Comment on inequality

In: Uncategorized

12 Feb 2007

Today Fund Strategy published a comment by me on global inequality:

Is the world, and particularly America, as unequal as often assumed? And what are the investment implications of such inequality?

Before examining these questions it is important to be clear about definitions. Terminological confusion abounds in this area more than in most others.

Fortunately a speech last week by Ben Bernanke, chairman of America’s Federal Reserve, made some of the key concepts clear. For a start, in absolute terms most Americans are far better off than in the past. For example, in real terms – after adjusting for inflation – the reward for an hour of work has more than tripled over the past 60 years.

However, in relation to economic outcomes, the Fed chairman conceded that inequality has risen for the past three decades or more. The general trend has been for the wages of highly paid workers to rise faster than those at the bottom of the income distribution.

America is not the world. European countries tend to have a more even income distribution whereas developing countries are more unequal than the US. However, the US provides a useful first approximation for grasping the difficult question of inequality.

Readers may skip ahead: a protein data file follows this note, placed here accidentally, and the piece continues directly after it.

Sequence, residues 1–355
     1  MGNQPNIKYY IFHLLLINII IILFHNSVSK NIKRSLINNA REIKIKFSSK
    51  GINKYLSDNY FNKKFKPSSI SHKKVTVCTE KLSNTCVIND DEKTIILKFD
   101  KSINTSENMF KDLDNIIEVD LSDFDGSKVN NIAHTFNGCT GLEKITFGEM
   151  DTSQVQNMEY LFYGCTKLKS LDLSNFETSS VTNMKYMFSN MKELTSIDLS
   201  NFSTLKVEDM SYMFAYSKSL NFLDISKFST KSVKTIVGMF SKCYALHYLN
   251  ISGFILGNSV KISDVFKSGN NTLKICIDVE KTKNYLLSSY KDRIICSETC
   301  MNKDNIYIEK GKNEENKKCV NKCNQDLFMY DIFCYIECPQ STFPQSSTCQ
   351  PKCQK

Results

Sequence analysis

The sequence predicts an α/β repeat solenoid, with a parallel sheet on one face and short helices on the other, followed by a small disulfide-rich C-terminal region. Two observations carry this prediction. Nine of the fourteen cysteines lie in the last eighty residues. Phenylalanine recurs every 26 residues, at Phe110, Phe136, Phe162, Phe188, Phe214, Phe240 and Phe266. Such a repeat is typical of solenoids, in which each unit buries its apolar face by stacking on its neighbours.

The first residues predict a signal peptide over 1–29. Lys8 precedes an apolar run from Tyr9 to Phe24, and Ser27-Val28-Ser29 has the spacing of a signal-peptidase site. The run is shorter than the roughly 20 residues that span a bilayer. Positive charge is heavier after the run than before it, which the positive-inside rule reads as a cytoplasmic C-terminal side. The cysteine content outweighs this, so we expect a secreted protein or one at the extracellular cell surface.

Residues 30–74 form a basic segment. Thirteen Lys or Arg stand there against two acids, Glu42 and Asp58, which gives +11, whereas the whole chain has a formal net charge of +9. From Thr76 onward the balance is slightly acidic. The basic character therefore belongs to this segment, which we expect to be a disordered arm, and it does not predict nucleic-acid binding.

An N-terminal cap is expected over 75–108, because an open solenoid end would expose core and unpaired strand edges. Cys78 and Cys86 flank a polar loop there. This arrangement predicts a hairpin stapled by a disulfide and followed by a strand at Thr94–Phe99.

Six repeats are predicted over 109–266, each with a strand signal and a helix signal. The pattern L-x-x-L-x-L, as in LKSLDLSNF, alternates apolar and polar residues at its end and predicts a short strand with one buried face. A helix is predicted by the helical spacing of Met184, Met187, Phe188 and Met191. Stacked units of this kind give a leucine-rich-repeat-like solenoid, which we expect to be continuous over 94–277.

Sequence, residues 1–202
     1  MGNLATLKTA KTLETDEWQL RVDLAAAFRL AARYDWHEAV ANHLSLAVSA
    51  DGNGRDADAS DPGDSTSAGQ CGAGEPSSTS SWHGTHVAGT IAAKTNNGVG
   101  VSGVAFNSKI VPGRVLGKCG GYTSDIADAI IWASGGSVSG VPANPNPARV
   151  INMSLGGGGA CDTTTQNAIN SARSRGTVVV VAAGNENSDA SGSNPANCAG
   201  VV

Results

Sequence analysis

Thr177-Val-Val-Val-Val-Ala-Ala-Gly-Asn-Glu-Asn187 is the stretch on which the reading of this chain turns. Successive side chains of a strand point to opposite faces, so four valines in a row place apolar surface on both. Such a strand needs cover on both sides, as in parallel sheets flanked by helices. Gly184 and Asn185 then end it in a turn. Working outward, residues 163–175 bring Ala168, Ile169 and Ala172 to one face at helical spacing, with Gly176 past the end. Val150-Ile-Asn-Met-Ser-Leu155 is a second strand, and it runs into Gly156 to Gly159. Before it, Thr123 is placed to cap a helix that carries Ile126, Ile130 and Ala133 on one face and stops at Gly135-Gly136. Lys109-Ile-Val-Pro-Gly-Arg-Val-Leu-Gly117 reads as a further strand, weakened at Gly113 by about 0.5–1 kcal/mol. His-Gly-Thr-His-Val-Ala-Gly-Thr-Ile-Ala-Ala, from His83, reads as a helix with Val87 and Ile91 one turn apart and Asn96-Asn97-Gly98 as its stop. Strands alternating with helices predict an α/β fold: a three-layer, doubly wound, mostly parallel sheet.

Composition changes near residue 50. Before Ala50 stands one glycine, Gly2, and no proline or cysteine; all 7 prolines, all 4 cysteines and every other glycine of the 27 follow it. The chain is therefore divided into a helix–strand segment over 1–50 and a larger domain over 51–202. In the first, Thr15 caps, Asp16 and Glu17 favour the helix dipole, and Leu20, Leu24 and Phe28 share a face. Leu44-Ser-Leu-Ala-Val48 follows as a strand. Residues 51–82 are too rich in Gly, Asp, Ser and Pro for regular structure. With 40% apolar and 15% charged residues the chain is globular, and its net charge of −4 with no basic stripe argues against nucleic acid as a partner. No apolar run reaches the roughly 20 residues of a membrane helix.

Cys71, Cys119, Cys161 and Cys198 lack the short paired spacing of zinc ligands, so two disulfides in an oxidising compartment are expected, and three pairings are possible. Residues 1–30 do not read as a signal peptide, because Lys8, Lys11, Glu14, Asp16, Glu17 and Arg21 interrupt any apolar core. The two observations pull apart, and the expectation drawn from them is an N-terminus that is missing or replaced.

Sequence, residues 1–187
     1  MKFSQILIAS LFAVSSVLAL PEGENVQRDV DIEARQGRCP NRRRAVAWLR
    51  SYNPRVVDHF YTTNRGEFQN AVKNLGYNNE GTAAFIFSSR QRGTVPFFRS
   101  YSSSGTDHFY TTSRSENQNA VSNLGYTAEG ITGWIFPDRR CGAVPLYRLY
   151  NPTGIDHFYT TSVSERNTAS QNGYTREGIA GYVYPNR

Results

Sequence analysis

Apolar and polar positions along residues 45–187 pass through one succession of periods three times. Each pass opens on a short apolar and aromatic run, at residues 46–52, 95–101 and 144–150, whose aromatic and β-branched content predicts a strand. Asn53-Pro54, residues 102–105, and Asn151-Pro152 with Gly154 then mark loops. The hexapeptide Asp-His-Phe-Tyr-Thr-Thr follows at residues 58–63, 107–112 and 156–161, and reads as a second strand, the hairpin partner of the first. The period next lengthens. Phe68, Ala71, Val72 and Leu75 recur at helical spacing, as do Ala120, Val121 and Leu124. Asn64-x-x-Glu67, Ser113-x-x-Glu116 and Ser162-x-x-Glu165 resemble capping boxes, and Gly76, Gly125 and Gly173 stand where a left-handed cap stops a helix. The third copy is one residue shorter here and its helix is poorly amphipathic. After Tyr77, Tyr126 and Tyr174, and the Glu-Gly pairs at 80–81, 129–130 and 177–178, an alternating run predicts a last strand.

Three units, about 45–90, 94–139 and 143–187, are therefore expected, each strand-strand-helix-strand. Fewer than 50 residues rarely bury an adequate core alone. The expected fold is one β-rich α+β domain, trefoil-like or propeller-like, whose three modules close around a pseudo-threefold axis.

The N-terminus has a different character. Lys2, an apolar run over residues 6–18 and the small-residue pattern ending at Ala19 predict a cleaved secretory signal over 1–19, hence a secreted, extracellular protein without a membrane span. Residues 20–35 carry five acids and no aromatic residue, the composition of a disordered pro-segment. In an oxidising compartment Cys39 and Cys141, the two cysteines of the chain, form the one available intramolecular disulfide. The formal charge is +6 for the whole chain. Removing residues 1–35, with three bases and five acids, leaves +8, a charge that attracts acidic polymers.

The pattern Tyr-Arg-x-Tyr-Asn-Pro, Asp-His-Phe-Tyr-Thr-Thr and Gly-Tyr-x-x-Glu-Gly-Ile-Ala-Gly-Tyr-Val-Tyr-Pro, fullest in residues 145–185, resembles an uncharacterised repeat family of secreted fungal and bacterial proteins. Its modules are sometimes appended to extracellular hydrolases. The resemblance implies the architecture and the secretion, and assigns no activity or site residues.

One often-quoted fact on America is that the share of national income going to capital is at an all-time high, and the share going to labour is at an all-time low. Stephen Roach, chief economist at Morgan Stanley and one of Wall Street’s leading bears, frequently makes this point.

But others argue that Roach’s reading of statistics is misleading. Jason Benderly, president of Benderly Economics, an economic consulting firm based in Colorado, points out that the figure for corporate profits includes money generated by American corporations abroad. Therefore, the ratio of GDP to profits is bolstered by overseas profits, while the figure for economic output is only national.

Also, the long-term decline of the ratio of wages and salaries to GDP disguises the fact that workers are receiving other types of remuneration. These could include pension provision and medical care.

James Carrick, an investment strategist at Legal & General Investment Management, takes the argument even further. He contends that an impending fall in basic commodity prices should benefit the mass of society more than the relatively rich.

None of this is to deny the existence of inequality or to claim that it is irrelevant. But the picture is more complicated than is often assumed.

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